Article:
What is Ethanol Alcohol?
Alcohol is a distilled product. Ethanol alcohol, sometimes called ethyl or grain alcohol, is a clear substance often made from fermented sugars. It can be used for industrial purposes, such as producing perfumes and explosives. It can also be used for human consumption in products such as medicine or liquor. When this type of alcohol is consumed, it can affect the central nervous system.
Ethanol alcohol has both an odor and a taste. It is a volatile substance, meaning it will quickly evaporate, and it is also flammable. It can be, and often is, mixed with water and other organic substances. Commercial ethanol solutions can commonly be found which contain 95 percent ethanol and 5 percent water. If a person wants to make such a solution into pure ethanol alcohol, there are dehydrating substances that can allow him to do so.
Starches such as potatoes or corn can be used to produce this type of alcohol. To do this, however, the starches must first be broken down into simple sugars. Fermenting sugar for this purpose can be quite complex. The process can involve combining simple sugars, water, yeast, and ammonia.
Ethanol can also be synthetically produced from acetaldehyde or from ethylene. Acetaldehyde is a naturally occurring substance used in the production of chemicals. Ethylene is a plant hormone also used in chemical processes, including some designed to affect the ripening of produce.
All ethanol alcohol is not consumable. Some ethanol is denatured. These products contain poisonous substances that humans should not swallow. A common reason for denaturing alcohol is to avoid excise tax. If alcohol is consumable, such as with alcoholic beverages, then it may be subject to such taxes and other restrictions.
Denatured alcohol is often regarded as a raw product. It is used in the production of other products such as rubber and varnishes. It can also be used as automotive fuel or as an additive for other automotive fuels. When such a product is made from a crop, such as corn or sugarcane, it is commonly referred to as a biofuel.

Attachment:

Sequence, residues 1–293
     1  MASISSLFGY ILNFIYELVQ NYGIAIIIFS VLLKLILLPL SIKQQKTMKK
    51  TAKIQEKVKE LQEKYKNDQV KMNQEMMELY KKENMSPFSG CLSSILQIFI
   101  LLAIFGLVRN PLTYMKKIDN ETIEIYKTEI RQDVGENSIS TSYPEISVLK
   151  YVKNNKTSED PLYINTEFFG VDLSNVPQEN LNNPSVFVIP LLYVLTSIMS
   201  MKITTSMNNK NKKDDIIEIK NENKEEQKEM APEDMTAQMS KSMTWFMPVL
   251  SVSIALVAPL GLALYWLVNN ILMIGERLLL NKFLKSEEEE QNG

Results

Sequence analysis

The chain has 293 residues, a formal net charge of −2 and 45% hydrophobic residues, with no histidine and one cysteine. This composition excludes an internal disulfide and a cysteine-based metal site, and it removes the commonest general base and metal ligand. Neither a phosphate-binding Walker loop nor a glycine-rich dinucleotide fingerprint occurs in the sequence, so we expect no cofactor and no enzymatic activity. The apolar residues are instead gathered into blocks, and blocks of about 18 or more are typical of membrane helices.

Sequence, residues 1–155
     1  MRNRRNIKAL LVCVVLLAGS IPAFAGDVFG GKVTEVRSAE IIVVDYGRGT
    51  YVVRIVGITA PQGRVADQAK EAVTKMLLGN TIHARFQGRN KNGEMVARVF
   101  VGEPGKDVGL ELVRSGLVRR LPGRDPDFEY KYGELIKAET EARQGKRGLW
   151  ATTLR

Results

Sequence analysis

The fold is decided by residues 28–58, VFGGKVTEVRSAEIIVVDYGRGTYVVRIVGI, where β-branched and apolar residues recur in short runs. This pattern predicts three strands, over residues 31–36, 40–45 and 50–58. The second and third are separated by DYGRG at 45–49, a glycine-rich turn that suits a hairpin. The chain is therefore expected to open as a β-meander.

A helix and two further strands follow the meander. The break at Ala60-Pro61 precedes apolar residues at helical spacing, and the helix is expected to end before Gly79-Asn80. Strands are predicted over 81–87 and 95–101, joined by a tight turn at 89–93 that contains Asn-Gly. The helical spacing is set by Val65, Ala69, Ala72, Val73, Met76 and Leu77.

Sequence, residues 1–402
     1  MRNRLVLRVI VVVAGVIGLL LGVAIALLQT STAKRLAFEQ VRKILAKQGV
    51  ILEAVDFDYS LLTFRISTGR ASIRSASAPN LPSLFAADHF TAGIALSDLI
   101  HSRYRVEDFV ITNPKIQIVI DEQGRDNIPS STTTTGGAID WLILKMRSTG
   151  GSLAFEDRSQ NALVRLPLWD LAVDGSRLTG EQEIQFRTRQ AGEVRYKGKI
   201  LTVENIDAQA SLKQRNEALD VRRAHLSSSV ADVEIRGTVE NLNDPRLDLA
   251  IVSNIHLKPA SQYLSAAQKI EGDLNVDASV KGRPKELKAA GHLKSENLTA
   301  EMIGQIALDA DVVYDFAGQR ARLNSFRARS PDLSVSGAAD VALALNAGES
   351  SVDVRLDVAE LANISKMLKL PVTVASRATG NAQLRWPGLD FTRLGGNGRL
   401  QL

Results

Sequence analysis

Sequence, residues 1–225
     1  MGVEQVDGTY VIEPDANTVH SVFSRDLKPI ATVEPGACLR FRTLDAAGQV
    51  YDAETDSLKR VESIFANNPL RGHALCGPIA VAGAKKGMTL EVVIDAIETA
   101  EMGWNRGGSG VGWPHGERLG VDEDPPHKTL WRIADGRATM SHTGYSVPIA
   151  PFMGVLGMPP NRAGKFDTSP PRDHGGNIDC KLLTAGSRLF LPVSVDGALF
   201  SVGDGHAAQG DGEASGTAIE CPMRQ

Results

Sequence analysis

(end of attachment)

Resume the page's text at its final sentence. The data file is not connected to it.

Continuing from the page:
Even ethanol that can be consumed is still considered toxic to the human body. When a person drinks alcohol, it is absorbed into the blood stream. It is taken to the brain and produces an effect. The body immediately tries to eliminate this foreign substance, and in doing so, the liver produces acetaldehyde.
As the process of producing ethanol alcohol is complex and timely, so is the body’s process for eliminating it. There is a limit as to how much alcohol the body can dispose of within an hour. The more a person’s drinking exceeds this limit, the more others may be able to notice the effects that ethanol alcohol can produce.
@ CHicada- This is interesting news, especially considering the USDA is studying this. This is a good indicator that we may soon see a shift in the source for ethanol gas production in the United States. This could be a viable alternative to corn and sugarcane ethanol production until enough research and development can be done to make cellulosic biomass ethanol production economically competitive. I will be watching the markets closely for indicators of success in sweet potato ethanol. I will also spend some time doing more research on this area. A viable substitute will be needed to reduce fossil fuel dependency, and from the sounds of it, this could be a promising source for ethanol production.
@ GenevaMech- I am currently studying energy and sustainability, and one interesting area of research has been finding carbohydrate substitutes for corn in regards to ethanol production. I am not sure about the comparison between potatoes and corn, but extensive research is being done on the viability of cassava and sweet potato yams.
A recent USDA study has concluded that yams produced three to three and a half times the carbohydrate yield per acre than corn in all regions tested. Besides the yield benefit, sweet potatoes represent a significantly smaller portion of the U.S. food supply, they can grow in a variety of climates, they mature faster than corn, they require significantly less fertilizer inputs, and they can grow better in marginal lands instead of prime farmland.
In theory, this would help reduce the food for fuel effect of corn ethanol, and the yam carbohydrates are equally as easy to process as sugarcane and corn carbohydrates. Yams can also be stored for up to three months before processing (unlike sugarcane). The potential for yams as a fuel source is more promising in the long term than corn.
Does anyone know what the ethanol yield per pound of corn is versus per pound of potatoes? If anyone knows, it does not necessarily have to be in pounds or British units; SI units are fine. I am curious to know if potatoes would yield more sugar ethanol than corn.
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